The Berlage

Session Room K

At the Scale of Artificial Land

Casey Mack

Moving away from the focus on capsule architecture that dominates discussion of the Metabolist architects, the book Digesting Metabolism: Artificial Land in Japan 1954–2202 (Hatje Cantz, 2022) investigates the impact on Japanese housing of Le Corbusier’s idea of “artificial land.” Long buried by the term “megastructure” that it inspired, artificial land joins the individual and collective, envisioning housing as stacked platforms of plots for building freestanding homes of all variety. First introduced to Japan in 1954 by Le Corbusier’s protégé, Takamasa Yosizaka, artificial land is an essential concept for the Metabolists who debuted in Tokyo in 1960. Yet it has had a hold on Japan’s metabolic imagination well beyond the ’60s, promising domestic satisfaction and environmental resilience from the postwar period to today’s government policies. The book will be discussed in terms of influences on its conceptualization and key projects showing artificial land’s diverse interpretations for an infrastructural approach to housing. These projects offer Japanese perspectives on John Habraken’s question “who decides when about what?”

The Berlage Sessions is a thematic seven-part seminar series focusing on scholarly research and critical approaches to the history and theory of architecture and urban design. This spring’s series, entitled “In and Out of Scale,” examines select ideas and projects that reconsider the scalar relationships of the built environment, from radio transmission and television broadcasting to the model and the chair. Organized from the large to small scale, topics will include the remote transmission of information in the Cold War; televangelical spaces—worship sites, churches, hospitals, university campuses—that were either retrofitted to accommodate television or designed explicitly for its technology between the late 1950s and the early 1980s; the various interpretations and misinterpretations of “artificial land” in postwar Japan; how the construction of new garden cities not only scaled up building commissions but also created new local economies; on the staging of miniature landscapes for large-scale photographs; how scale models were used as descriptive instruments in nineteenth-century London; and a consideration of how the Indian planter’s chair affirms past influences while also sensitively converses with the present. Speakers will include Rachel Julia Engler, Jesse Honsa, Casey Mack, Sarita Sundar, Alfredo Thiermann, Matthew Wells, and Edwin Zwakman.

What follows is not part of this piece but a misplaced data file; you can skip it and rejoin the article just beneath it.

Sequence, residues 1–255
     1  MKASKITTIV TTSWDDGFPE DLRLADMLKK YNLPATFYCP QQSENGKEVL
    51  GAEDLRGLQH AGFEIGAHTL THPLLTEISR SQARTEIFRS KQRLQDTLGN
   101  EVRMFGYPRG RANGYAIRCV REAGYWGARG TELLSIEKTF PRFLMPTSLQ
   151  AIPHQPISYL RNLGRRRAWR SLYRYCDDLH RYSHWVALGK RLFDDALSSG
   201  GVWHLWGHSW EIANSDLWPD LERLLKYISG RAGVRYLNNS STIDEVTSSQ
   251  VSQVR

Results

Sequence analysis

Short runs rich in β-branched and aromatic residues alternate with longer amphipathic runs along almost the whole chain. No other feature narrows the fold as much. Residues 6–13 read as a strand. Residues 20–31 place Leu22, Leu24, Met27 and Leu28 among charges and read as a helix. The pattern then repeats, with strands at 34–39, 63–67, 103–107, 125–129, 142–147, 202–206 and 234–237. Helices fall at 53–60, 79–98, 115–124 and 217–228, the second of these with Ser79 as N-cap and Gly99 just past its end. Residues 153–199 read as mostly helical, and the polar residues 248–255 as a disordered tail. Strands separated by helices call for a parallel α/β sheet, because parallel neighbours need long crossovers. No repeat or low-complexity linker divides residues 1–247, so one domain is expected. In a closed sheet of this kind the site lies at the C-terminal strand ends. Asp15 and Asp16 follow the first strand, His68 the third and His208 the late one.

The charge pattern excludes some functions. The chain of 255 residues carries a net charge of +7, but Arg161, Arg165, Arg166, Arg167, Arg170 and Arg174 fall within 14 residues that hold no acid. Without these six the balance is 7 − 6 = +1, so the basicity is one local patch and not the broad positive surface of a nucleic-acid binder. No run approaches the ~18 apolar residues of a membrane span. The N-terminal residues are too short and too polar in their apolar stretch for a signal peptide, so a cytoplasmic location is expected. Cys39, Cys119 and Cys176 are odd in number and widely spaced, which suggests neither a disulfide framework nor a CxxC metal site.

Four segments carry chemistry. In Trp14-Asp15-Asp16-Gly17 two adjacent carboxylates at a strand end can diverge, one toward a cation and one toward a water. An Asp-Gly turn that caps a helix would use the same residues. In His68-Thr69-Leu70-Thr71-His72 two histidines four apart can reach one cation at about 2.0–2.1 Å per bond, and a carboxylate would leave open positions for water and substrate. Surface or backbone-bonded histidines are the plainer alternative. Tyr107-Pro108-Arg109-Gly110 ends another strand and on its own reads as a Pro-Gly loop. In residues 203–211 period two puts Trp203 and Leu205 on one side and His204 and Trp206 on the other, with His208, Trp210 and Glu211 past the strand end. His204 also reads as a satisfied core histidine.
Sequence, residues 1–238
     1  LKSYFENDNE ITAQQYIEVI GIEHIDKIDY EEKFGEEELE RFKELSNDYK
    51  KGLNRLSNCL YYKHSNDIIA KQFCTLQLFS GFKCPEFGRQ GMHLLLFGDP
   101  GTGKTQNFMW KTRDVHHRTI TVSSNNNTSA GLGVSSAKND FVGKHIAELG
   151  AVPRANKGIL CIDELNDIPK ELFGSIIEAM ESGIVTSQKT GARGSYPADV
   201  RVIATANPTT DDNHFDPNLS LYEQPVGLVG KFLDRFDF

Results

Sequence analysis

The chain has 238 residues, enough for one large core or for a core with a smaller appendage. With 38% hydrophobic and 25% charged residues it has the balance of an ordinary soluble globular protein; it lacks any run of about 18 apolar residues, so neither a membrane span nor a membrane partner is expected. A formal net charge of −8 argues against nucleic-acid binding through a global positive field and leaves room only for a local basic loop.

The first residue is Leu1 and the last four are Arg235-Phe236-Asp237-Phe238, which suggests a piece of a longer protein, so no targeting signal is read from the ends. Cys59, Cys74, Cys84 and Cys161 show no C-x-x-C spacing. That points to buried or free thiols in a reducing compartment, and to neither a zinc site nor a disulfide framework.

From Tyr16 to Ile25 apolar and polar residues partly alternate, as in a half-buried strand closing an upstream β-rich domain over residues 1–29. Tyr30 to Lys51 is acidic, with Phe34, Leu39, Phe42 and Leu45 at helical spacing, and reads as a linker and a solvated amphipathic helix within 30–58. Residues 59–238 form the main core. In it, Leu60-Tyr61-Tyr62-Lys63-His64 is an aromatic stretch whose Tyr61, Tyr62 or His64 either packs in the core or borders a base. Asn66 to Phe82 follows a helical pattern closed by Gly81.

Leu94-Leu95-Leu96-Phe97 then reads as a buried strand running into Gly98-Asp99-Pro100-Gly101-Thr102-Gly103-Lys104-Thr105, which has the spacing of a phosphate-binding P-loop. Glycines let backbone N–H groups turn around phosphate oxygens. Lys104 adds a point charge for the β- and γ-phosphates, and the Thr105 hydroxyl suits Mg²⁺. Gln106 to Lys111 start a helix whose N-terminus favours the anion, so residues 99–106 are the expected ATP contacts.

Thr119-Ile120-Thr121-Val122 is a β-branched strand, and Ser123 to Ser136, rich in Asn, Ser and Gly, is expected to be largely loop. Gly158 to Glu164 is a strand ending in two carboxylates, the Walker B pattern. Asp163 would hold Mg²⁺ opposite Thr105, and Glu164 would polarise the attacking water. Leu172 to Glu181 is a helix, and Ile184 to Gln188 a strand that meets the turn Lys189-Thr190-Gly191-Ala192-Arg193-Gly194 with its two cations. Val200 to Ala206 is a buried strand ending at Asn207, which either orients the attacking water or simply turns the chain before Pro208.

Casey Mack is an architect and the founding director of Popular Architecture in Brooklyn, New York, an office combining simplicity and innovation in design work across multiple scales. Mack graduated with a B.A. in Art History from Vassar College and an M.Arch from Columbia, afterwards working with the Office for Metropolitan Architecture in Hong Kong and New York. He is currently a visiting assistant professor at Pratt Institute. His work has been published in OASE, Harvard Design Magazine, the New York Review of Architecture, and in the 16th International Docomomo Conference proceedings. His award-winning book Digesting Metabolism has received the support of the Graham Foundation, the New York State Council on the Arts, and the Takenaka Corporation.

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